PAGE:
World Cup soccer sponsors are asking the Brazilian government how it will deal with street protests that might erupt during this year’s tournament, the marketing director of the sport’s governing body said.
World Cup sponsorships by companies including Coca-Cola Co. and Adidas AG (ADS) are the second-biggest funding source for FIFA, soccer’s governing body. In return, the companies get exclusive rights to use sport’s most-watched event as a marketing platform. The World Cup starts June 12 in Sao Paulo.
During last year’s Confederations Cup, a warm up for the main tournament, Brazil experienced the biggest demonstrations in a generation. Protestors clashed with police in every city that hosted games, airing complaints about poor public services as $11 billion was being spent towards readying the country to host the monthlong World Cup.
“We have those discussions between us, with the commercial affiliates, with the government,” Thierry Weil, FIFA’s marketing director, told reporters in Rio de Janeiro yesterday.
Companies have asked about the government’s expectations about the possibility of more violence during the games this summer, and how police, army and other forces might respond, Weil said.
During the Confederations Cup, sponsors took action to avoid being targeted by protesters as police frequently fired tear gas, rubber bullets and percussion grenades to foil demonstrations close to stadiums. Coca-Cola covered a specially created unit in front of Rio’s Maracana stadium, and an oversize Coke bottle was hidden from view with black plastic.
Sponsors paid $404 million to be associated with the World Cup last year, according to FIFA’s latest financial report. Companies are not planning to reduce the number of guests they bring or change their promotional strategies for the World Cup, Weil said.
The protests during the Confederations Cup took authorities by surprise, and Brazil’s federal and city governments have told FIFA and sponsors that they are ready for any repeat during the World Cup, he said.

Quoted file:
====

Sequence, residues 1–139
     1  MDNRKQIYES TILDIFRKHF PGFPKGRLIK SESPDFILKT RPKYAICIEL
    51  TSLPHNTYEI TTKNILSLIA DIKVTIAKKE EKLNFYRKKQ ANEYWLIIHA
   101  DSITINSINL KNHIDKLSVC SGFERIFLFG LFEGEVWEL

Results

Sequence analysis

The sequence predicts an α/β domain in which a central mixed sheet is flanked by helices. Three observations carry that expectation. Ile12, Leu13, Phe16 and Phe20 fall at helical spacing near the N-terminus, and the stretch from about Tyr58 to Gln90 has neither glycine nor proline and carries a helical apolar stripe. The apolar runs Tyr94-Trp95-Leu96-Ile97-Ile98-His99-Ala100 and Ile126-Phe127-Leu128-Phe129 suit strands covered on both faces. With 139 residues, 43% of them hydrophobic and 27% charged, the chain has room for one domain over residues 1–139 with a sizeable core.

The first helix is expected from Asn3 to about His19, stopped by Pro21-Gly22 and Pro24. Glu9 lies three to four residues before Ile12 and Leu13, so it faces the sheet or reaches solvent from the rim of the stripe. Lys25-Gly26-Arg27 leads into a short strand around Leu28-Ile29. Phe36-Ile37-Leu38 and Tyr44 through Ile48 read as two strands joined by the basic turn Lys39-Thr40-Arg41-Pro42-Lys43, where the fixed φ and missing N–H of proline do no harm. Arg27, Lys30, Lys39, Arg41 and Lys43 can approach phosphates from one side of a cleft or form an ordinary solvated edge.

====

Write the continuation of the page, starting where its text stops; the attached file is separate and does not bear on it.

“We had some crisis management meetings about how do we now get the people, especially the teams, to the stadiums, what can be done, and so on and so forth,” he said. “We just hope that we’ll never need it, but you can plan for the case that there will be some manifestations.”
FIFA found itself the focus of protesters’ chants and last year a bus carrying staff was pelted with stones in the city of Belo Horizonte. In the same town, a car dealership selling vehicles produced by Kia Motors (000270) Corp., part-owned by FIFA sponsor Hyundai Motor Co., was set alight.
In a December interview Osama Miura, president of Sony Corp.’s Brazil unit, said that plans will be drawn up for demonstrations during the World Cup.
Protests erupted this week in Copacabana following the death of a dancer known as DG, who residents claim was shot by police. Yesterday two main roads traversing the beachside neighborhood were temporarily closed, and police fired tear gas grenades.
Jerome Valcke, FIFA’s general secretary, said the incident was “sad,” though suggested reports of the violence had been exaggerated, comparing coverage to reports about riots in Paris’s poor suburbs in 2005 that made it seem “like World War II.” FIFA will host its biggest World Cup screening area in Copacabana.
“There is not a single country where there are not problems on the day-to-day,” Valcke told reporters in Rio today.
Groups including an anarchist movement known locally as the Black Bloc have already announced plans for disruptions during the tournament. Deco, a Brazilian-born former Portuguese national team player, said in an interview today tourists wouldn’t be targeted by demonstrators.
Protests “could happen but I hope they are peaceful and people don’t try and take advantage of the World Cup,” he said.
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